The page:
Hot Carbon : carbon-14 and a revolution in science by John F. MarraThere are few fields of science that carbon-14 has not touched. A radioactive isotope of carbon, it stands out for its unusually long half-life. Best known for its application to estimating the age of artifacts--carbon dating--carbon-14 helped reveal new chronologies of human civilization and geological time. Everything containing carbon, the basis of all life, could be placed in time according to the clock of radioactive decay, with research applications ranging from archeology to oceanography to climatology. In Hot Carbon, John F. Marra tells the untold story of this scientific revolution. He weaves together the workings of the many disciplines that employ carbon-14 with gripping tales of the individuals who pioneered its possibilities. He describes the concrete applications of carbon-14 to the study of all the stuff of life on earth, from climate science's understanding of change over time to his own work on oceanic photosynthesis with microscopic phytoplankton. Marra's engaging narrative encompasses nuclear testing, the peopling of the Americas, elephant poaching, and the flax plants used for the linen in the Shroud of Turin. Combining colorful narrative prose with accessible explanations of fundamental science, Hot Carbon is a thought-provoking exploration of how the power of carbon-14 informs our relationship to the past.
Call Number: QD181.C1 M37 2019
Publication Date: 2019-06-25
Macmillan Encyclopedia of Chemistry by J. J. Lagowski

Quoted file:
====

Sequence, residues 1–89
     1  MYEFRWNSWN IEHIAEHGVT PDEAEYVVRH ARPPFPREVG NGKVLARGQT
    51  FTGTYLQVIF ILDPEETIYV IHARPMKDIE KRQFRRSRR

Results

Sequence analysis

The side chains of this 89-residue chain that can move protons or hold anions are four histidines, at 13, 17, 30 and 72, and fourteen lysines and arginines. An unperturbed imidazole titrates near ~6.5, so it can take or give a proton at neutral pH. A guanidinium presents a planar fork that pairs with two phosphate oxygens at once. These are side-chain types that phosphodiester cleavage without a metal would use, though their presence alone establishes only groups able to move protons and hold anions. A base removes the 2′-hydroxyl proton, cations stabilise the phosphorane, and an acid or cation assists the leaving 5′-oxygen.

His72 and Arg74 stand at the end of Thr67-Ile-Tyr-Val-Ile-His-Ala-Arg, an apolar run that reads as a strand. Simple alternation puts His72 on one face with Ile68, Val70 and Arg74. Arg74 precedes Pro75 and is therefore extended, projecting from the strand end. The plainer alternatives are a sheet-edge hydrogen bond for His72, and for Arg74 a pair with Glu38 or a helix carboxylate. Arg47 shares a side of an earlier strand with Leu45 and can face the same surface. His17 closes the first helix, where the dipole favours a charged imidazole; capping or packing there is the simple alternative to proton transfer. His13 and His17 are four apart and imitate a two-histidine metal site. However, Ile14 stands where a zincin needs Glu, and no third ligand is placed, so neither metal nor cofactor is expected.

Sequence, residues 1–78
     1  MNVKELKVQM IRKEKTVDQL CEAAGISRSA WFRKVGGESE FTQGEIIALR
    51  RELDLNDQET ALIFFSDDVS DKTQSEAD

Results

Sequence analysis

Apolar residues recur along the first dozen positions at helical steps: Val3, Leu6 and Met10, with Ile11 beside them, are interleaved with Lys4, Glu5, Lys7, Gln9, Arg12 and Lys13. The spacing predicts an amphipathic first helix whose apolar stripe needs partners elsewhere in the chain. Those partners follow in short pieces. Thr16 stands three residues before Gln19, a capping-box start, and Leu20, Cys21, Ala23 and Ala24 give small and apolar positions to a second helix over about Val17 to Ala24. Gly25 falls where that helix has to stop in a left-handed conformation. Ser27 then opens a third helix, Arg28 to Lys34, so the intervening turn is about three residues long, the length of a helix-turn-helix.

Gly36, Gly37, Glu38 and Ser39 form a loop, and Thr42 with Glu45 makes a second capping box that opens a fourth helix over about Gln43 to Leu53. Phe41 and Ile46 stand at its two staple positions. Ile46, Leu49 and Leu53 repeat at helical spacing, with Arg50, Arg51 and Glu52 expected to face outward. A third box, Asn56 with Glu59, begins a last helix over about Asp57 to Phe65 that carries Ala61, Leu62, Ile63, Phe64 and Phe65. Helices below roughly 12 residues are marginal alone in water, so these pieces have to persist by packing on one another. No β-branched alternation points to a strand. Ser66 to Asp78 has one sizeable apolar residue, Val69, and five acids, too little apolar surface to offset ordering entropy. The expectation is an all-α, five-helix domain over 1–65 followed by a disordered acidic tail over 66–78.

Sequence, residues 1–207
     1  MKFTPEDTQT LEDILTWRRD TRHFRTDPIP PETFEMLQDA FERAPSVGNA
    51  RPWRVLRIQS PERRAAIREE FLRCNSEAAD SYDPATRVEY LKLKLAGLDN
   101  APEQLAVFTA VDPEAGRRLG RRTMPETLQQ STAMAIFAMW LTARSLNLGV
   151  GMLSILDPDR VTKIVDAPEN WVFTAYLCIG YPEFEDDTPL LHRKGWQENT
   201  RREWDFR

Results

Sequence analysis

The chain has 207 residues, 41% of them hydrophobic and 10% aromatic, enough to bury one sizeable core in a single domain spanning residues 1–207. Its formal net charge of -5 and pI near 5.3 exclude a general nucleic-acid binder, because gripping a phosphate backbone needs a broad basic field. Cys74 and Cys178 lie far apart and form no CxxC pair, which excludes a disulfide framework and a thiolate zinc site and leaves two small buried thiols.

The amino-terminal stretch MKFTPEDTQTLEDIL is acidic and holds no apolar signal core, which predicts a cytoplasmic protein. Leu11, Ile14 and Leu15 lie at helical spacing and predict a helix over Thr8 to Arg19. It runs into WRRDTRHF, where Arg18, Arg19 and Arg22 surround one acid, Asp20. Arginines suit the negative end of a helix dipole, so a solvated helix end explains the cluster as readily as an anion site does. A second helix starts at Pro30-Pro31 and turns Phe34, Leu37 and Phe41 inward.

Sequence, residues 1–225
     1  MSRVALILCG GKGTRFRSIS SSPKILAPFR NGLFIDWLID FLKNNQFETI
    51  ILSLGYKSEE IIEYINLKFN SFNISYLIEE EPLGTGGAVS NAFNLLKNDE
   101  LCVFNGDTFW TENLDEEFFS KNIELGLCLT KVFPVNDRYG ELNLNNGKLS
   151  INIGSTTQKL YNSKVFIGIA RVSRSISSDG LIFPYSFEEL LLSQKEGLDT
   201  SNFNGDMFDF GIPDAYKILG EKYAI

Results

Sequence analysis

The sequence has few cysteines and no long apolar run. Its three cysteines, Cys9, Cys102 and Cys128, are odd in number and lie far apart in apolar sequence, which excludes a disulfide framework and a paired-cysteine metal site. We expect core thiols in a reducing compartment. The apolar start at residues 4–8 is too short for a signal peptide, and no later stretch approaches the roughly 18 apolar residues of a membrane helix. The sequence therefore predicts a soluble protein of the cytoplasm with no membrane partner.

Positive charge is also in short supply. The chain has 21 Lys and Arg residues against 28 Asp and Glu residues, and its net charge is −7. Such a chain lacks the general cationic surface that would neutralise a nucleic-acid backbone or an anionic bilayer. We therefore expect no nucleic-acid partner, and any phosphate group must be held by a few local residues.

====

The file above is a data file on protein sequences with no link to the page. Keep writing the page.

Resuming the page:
Call Number: REFERENCE QD4.M33 1997 (4 vols)
Publication Date: 1997
Stuff Matters: exploring the marvelous materials that shape our man-made world by Mark Miodownik; Sarah Hunt Cooke (Other Primary Creator); Sarah Scarlett (Other Primary Creator)Why is glass see-through? What makes elastic stretchy? Why does a paperclip bend? Why does any material look and behave the way it does? With clarity and humor, world-leading materials scientist Mark Miodownik answers all the questions you've ever had about your pens, spoons, and razor blades, while also introducing a whole world full of materials you've never even heard of: the diamond five times the size of Earth; concrete cloth that can be molded into any shape; and graphene, the thinnest, strongest, stiffest material in existence--only a single atom thick. Stuff Matters tells enthralling stories that explain the science and history of materials. From the teacup to the jet engine, the silicon chip to the paper clip, the plastic in our appliances to the elastic in our underpants, Miodownik reveals the miracles of engineering that permeate our lives. As engaging as it is incisive, Stuff Matters will make you see the materials that surround you with new eyes
Chemistry in the Garden by James Ralph Hanson; Royal Society of Chemistry (Great Britain) Staff (Contribution by)
Call Number: QK861.H36 2009
Publication Date: 2009-06-18
The Genie in the Bottle by Joe Schwarcz
Call Number: QD37.S39 2002
Publication Date: 2002-07-01